ALEX – I can’t wait to form deeper relationships with the children and young people we know in our projects.
ANDREW – I’m looking forward to being able to teach the students at Rei dos Reis more and understand them better as my Portuguese improves. I’d like to be able to teach the students things that will really be helpful for them later on, and once I overcome the language barrier, I think it will become more enjoyable.
JACK – I’m really excited for our Portuguese to improve so we can communicate with all the children that we walk past, we teach and that look at us a bit preplexed by our white skin.
REBEKAH – I’m excited to build deeper relationships with the people we meet here, and to get more and more stuck into our projects.


– Safe arrival
– Adjustment to the heat
– A good start to all of our projects


– Learning Portuguese
– Finding a church that we can settle into
– Comfort for missing people at home

Our first powercut.

Our first meal.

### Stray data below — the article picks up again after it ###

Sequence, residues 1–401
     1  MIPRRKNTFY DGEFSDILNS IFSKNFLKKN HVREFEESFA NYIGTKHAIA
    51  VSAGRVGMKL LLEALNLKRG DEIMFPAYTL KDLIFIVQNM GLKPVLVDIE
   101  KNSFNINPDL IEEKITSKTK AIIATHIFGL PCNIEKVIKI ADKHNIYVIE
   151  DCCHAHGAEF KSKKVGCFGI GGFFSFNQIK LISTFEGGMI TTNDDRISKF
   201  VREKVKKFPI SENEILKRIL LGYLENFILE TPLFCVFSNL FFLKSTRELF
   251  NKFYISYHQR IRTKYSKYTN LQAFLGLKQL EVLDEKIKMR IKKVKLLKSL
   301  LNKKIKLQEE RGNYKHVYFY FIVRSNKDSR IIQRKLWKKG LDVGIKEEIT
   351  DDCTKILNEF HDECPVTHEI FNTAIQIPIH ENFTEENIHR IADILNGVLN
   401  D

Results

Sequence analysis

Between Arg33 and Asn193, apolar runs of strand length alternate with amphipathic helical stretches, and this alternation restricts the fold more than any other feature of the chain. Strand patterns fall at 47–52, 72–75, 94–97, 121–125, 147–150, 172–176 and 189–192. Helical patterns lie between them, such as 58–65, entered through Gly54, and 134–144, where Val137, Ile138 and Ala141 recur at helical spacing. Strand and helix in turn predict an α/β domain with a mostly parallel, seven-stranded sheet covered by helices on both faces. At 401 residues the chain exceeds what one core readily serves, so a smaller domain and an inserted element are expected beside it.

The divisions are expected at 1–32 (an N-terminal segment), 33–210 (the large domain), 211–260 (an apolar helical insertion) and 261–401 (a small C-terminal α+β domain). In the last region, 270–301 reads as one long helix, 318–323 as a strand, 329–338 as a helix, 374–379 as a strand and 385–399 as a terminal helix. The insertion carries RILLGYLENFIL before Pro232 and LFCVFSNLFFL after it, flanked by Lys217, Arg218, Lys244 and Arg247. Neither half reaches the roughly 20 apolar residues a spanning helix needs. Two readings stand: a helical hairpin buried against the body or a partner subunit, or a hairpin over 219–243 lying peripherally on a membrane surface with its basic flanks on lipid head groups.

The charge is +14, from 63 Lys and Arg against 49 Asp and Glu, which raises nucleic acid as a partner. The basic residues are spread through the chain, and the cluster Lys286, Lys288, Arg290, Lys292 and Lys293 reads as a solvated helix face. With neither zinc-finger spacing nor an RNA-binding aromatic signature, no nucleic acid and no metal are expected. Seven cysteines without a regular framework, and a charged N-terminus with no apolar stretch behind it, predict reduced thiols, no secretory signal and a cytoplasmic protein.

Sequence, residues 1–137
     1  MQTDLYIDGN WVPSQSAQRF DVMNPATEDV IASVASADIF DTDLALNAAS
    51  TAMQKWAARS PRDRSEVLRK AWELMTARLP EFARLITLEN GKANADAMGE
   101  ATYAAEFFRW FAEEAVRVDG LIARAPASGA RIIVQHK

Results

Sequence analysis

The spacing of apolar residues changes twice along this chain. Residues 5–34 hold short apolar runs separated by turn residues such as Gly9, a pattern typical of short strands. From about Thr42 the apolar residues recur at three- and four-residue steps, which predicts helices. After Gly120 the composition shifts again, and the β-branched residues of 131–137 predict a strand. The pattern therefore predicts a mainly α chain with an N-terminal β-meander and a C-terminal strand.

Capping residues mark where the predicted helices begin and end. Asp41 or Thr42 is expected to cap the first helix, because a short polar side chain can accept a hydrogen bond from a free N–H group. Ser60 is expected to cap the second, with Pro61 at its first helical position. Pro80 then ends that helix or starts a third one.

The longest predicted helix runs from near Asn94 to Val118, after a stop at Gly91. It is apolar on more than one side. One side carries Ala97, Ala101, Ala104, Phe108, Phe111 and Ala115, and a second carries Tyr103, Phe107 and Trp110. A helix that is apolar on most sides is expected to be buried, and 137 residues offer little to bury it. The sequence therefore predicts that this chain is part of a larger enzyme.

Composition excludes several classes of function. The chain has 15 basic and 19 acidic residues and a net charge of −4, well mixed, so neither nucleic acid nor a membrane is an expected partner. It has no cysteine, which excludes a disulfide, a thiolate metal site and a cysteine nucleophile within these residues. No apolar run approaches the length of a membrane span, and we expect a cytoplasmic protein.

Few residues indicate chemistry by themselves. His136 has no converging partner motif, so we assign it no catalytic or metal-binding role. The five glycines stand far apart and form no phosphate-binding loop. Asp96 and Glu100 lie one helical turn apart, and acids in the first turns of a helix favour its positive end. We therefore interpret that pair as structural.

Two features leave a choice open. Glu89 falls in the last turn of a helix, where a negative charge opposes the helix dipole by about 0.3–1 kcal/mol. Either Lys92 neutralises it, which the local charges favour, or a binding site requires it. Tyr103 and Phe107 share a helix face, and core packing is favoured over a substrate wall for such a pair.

33 replies
  1. Ricky Rew says:

    Thanks for the update. Great to hear how the adventure has gone so far. We continue to pray for you and are excited for each update. More photos/stories of your animal companions/neighbours please. Be blessed!

  2. sheila Boakes says:

    Delightful to read your responses to the directed questions! So looking forward to hear more as your powers of communication improve as you master the language.
    VERY fascinated by the variety of wildlife that likes sharing your personal space!! Praying that you will continue to grow as you give of yourselves to all of the new people you have the privilege of working with. BLESSINGS ABUNDANT XX

  3. Peter Benton says:

    Great blog post and good to read the really interesting stories. Sounds like an eventful time already. I hope the frogs can cope.

    Continuing to pray for you all each day.

  4. Elizabeth Ajayi says:

    Delighted to read this. Praying for you back here. Enjoy the heat. We are approaching sub zero here. Jack make sure you learn the dance moves

    • Jack Hooper says:

      Thank you! Yes we’ve heard about the temperature in England, must be refreshing!

      Aha we will come back amazing dancers!

  5. Diane says:

    Really enjoyed reading your news. Praying you will settle well to become a great blessing to the young people there

  6. Stuart Conway says: